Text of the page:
There is an urgent need for new antivirals with powerful therapeutic potential and tolerable side effects. In the present study, we found that recombinant human interferon-alpha (IFNa) triggered cell intrinsic and extrinsic antiviral responses and reduced replication of severe acute respiratory syndrome coronavirus 2 (SARS-CoV-2) in human lung epithelial Calu-3 cells. However, IFNa alone was insufficient to completely abolish SARS-CoV-2 replication. Combinations of IFNa with camostat, remdesivir, EIDD-2801, cycloheximide or convalescent serum showed strong synergy and effectively inhibited SARS-CoV-2 infection. Additionally, we demonstrated synergistic antiviral activity of IFNa2a with pimodivir against influenza A virus (FluAV) infection in human lung epithelial A549 cells, as well as of IFNa2a with lamivudine against human immunodeficiency virus 1 (HIV-1) infection in human TZM-bl cells. Our results indicate that IFNa2a-based combinational therapies help to reduce drug dose and improve efficacy in comparison with monotherapies, making them attractive targets for further pre-clinical and clinical development.
Subject(s)Coronavirus Infections , HIV Infections , Addison Disease , COVID-19
Here, we demonstrate that our anti-sepsis and COVID-19 drug candidate Rejuveinix (RJX) substantially improves the survival outcome in the LPS-GalN animal model of sepsis and multi-organ failure. One hundred (100) percent (%) of untreated control mice remained alive throughout the experiment. By comparison, 100% of LPS-GalN injected mice died at a median of 4.6 hours. In contrast to the invariably fatal treatment outcome of vehicle-treated control mice, 40% of mice treated with RJX (n=25) remained alive with a 2.4-fold longer median time survival time of 10.9 hours (Log-rank X2=20.60, P<0.0001). Notably, RJX increased the tissue levels of antioxidant enzymes SOD, CAT, and GSH-Px, and reduced oxidative stress in the brain. These findings demonstrate the clinical impact potential of RJX as a neuroprotective COVID-19 and sepsis drug candidate.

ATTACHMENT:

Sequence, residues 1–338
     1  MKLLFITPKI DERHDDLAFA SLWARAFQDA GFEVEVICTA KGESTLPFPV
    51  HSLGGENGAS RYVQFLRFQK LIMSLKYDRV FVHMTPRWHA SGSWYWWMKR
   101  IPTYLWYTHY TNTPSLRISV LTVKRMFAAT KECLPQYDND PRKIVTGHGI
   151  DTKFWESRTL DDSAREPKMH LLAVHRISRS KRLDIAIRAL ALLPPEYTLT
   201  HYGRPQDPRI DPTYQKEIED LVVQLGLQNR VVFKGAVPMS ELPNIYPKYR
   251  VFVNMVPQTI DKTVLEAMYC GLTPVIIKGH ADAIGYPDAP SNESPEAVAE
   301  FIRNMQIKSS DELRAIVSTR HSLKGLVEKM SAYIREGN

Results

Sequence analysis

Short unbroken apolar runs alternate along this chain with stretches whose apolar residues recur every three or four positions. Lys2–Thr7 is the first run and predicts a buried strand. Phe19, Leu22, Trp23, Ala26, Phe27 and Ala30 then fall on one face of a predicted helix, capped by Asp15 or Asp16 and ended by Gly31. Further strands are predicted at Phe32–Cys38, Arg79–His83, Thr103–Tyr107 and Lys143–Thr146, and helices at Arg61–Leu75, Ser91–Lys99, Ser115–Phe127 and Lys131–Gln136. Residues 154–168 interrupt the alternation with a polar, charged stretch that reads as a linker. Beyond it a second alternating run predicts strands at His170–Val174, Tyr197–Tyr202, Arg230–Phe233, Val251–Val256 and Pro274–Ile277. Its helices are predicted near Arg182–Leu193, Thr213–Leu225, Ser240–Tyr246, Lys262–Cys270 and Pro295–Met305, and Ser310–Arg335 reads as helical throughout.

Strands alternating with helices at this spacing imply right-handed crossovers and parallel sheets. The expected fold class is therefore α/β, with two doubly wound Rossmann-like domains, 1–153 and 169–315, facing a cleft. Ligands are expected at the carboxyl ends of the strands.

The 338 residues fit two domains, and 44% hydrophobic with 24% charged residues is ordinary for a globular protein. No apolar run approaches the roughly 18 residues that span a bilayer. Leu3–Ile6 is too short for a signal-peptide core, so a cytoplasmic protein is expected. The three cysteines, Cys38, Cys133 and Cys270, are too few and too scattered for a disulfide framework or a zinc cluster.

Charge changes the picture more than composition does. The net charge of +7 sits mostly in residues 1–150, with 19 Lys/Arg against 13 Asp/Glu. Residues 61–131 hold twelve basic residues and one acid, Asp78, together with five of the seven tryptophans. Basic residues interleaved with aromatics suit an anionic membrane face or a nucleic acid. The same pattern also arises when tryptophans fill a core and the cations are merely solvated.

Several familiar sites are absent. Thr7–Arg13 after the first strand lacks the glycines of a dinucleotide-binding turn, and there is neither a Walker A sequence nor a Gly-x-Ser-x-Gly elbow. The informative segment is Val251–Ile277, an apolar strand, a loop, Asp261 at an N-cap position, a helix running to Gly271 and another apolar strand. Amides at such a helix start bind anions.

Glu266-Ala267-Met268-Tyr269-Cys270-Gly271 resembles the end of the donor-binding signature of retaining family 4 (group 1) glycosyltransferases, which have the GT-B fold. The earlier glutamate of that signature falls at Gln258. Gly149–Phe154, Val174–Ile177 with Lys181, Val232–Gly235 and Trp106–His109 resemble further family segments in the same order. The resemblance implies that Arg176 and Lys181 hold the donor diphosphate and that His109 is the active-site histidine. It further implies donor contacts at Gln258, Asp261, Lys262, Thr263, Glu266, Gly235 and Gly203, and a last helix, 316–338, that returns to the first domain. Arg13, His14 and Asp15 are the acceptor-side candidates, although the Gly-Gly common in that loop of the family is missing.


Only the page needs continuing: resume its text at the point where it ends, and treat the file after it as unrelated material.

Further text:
Subject(s)Sepsis , Multiple Organ Failure , COVID-19
COVID-19 currently represents a major public health problem. Multiple efforts are being performed to control this disease. Vaccinations are already in progress. However, no effective treatments have been found so far. The disease is caused by the SARS-CoV-2 coronavirus that through the Spike protein interacts with its cell surface receptor ACE2 to enter into the host cells. Therefore, compounds able to block this interaction may help to stop disease progression. In this study, we have analyzed the effect of compounds reported to interact and modify the activity of ACE2 on the binding of the Spike protein. Among the compounds tested, we found that hydroxyzine could inhibit the binding of the receptor-binding domain of Spike protein to ACE2 in a qualitative in vitro assay. This finding supports the reported clinical data showing the benefits of hydroxyzine on COVID-19 patients, raising the need for further investigation into its effectiveness in the treatment of COVID-19 given its well-characterized medical properties and affordable cost.
There is an urgent need for new antivirals with powerful therapeutic potential and tolerable side effects. In the present study, we found that recombinant human interferon-alpha (IFNa) triggers intrinsic and extrinsic cellular antiviral responses, as well as reduces replication of severe acute respiratory syndrome coronavirus 2 (SARS-CoV-2) in vitro. Although IFNa alone was insufficient to completely abolish SARS-CoV-2 replication, combinations of IFNa with remdesivir or other antiviral agents (EIDD-2801, camostat, cycloheximide, or convalescent serum) showed strong synergy and effectively inhibited SARS-CoV-2 infection in human lung epithelial Calu-3 cells. Furthermore, we showed that the IFNa-remdesivir combination suppressed virus replication in human lung organoids, and that its single prophylactic dose attenuated SARS-CoV-2 infection in lungs of Syrian hamsters. Transcriptome and metabolomic analyses showed that the combination of IFNa-remdesivir suppressed virus-mediated changes in infected cells, although it affected the homeostasis of uninfected cells. We also demonstrated synergistic antiviral activity of IFNa2a-based combinations against other virus infections in vitro. Altogether, our results indicate that IFNa2a-based combination therapies can achieve higher efficacy while requiring lower dosage compared to monotherapies, making them attractive targets for further pre-clinical and clinical development.